In conclusion, we demonstrate that cortical and subcortical structures involved in motion perception differ between migraineurs and persons without migraine. Chronic dysfunction of these areas may explain interictal findings of motion-processing deficits in migraineurs, whereas episodic dysfunction might contribute to the initiation of an attack. The present data indicate that structural changes are present in at least two cortical regions in migraine patients, even outside attacks; that MWA and MWoA share the same abnormalities; and that the changes are present in areas where CSD most probably develops. It seems likely that MWA and MWoA are two phenotypes sharing a common pathophysiological substrate, and that asymptomatic CSD may occur in some patients.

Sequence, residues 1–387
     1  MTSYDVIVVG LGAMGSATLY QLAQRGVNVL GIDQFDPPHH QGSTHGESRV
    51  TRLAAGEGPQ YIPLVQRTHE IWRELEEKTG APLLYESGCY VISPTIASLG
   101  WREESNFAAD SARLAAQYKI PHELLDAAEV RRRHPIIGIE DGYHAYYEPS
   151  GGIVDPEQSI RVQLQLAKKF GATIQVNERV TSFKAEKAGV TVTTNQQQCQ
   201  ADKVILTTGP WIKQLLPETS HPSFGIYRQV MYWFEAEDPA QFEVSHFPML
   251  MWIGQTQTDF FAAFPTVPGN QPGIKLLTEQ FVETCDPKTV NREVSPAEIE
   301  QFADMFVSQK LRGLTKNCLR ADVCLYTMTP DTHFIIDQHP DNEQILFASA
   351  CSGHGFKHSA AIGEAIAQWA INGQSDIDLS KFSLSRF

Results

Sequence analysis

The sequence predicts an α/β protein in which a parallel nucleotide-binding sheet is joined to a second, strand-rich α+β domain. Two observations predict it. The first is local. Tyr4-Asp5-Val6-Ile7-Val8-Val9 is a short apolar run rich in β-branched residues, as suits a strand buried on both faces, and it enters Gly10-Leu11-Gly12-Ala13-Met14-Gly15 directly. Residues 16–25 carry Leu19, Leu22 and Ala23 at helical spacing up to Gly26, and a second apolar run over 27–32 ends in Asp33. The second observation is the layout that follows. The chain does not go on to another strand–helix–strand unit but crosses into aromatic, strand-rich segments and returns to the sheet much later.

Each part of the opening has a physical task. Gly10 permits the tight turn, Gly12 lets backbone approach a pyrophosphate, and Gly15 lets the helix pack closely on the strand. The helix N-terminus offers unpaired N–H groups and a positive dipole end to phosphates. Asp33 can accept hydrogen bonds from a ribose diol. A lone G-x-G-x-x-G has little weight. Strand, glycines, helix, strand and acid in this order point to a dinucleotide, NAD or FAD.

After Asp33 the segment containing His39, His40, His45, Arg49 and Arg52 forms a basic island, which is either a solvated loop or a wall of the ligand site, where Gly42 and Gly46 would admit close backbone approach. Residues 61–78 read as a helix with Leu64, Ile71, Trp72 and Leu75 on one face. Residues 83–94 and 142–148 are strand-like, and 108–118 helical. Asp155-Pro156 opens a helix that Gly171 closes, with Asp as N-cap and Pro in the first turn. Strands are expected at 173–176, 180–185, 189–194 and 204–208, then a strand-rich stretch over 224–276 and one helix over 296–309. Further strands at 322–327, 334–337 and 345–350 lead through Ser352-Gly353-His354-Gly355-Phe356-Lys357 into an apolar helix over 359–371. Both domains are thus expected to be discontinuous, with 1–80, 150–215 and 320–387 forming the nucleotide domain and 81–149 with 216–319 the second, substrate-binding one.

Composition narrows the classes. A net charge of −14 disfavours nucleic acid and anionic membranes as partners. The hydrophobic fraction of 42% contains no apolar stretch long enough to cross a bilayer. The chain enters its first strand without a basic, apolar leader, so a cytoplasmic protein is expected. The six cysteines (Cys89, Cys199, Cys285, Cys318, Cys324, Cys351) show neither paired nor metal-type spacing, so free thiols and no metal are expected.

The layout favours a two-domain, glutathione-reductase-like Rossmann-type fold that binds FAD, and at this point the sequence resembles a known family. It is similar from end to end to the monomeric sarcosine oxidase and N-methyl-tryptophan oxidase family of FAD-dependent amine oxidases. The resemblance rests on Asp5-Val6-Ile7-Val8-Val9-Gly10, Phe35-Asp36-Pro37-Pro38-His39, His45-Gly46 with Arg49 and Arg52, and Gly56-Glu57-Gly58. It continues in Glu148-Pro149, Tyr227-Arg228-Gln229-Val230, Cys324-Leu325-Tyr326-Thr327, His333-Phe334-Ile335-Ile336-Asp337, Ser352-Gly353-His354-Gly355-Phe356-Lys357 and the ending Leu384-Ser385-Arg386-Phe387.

The finding of morphometric changes in the brains of migraineurs may be of fundamental importance because migraine has so far been considered a condition with abnormal brain function but completely normal brain structure. Further characterization of the histological and chemical properties of V3A, MT+, and the subjacent WM, both prospectively and developmentally, will tell us more about the precise nature of and the mechanisms underlying cortical and subcortical changes in migraineurs.
This study presents the limitation inherent to all question-driven reports, as it voluntary restricted itself to the examination of areas of the brain involved in vision and specifically visual motion processing.
Although our data are experimental and represent the result of a group analysis, the present findings of specific alteration in migraineurs, e.g., cortical thickness increases in specific areas, may open the possibility of a new noninvasive diagnostic tool in migraine.